If you live in Washington State, you can contact at:
Washington Assistive Technology Act Program
University of Washington
UW Box 354237
Seattle, WA 98195-4237
(800) 214-8731 Toll-Free Hotline
(866) 866-0162 Toll-Free TTY
(206) 543-4779 Local Fax
watap@uw.edu

Washington Assistive Technology Act Program (WATAP)

Washington Assistive Technology Act Program (WATAP) provides a comprehensive continuum of services and resources to help Washingtonians with disabilities of all ages to make informed decisions about assistive technology (AT), and to provide alternative means of acquiring the AT they need. WATAP serves not only individuals with disabilities, but also their circle of support including family members, employers, employment service providers, educators, health care providers, social service providers, and others seeking AT expertise in all areas of life, but especially in education, employment, and community living.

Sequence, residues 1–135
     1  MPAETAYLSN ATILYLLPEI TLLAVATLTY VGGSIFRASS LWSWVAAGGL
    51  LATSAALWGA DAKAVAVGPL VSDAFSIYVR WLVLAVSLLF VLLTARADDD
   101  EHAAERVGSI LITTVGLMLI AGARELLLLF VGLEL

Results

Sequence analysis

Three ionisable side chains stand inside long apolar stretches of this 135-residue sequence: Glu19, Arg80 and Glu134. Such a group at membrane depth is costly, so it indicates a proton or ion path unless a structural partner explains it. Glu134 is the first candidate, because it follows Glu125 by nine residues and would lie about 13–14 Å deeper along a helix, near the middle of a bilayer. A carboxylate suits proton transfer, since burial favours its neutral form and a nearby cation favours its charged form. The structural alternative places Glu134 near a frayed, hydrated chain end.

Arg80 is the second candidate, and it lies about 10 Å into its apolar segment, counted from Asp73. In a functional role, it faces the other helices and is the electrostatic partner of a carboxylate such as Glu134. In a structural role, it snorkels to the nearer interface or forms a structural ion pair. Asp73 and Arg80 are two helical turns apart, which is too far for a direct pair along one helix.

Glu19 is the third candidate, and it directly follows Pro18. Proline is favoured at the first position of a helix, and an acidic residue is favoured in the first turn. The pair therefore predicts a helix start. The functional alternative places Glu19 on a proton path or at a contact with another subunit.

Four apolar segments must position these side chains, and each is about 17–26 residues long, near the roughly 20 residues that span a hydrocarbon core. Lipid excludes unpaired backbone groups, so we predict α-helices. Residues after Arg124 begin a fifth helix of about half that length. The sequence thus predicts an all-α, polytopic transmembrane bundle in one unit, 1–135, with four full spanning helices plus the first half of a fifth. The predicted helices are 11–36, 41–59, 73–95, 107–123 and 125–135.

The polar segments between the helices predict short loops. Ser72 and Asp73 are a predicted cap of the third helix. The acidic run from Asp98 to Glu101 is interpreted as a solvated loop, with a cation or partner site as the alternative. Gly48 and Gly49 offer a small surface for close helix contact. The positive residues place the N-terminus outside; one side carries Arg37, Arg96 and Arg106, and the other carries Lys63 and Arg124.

To assist our users the WATAP web content has been condensed below, for more detailed information please go to the program website below linked below or click on the headings to go to the linked page.

Everyday Tools - Fine Motor

Limited strength in the upper extremities as well as limited hand control can affect a person's ability to lift and manipulate objects. A person's ability to bend and reach can also affect how they are able complete activities of daily living. Assistive technology for daily tasks are often adapted or borrowed from other uses. One advantage of assistive technology for daily living is that suitable devices can often be found not only in catalogs specifically selling aids to daily living devices but in drug stores, kitchen shops, hardware stores and many other places. This means not only that they are readily available, but that they also tend to be cheaper than other types of assistive technology. Occupational and physical therapists are great resources for helping to determine what types of devices for daily living might work for you, and they can often loan you equipment to try out. (Link to: Borrow devices for self care, Borrow devices for homemaking, Borrow devices for positioning & Borrow writing aids)

Computer Access - Motor Dexterity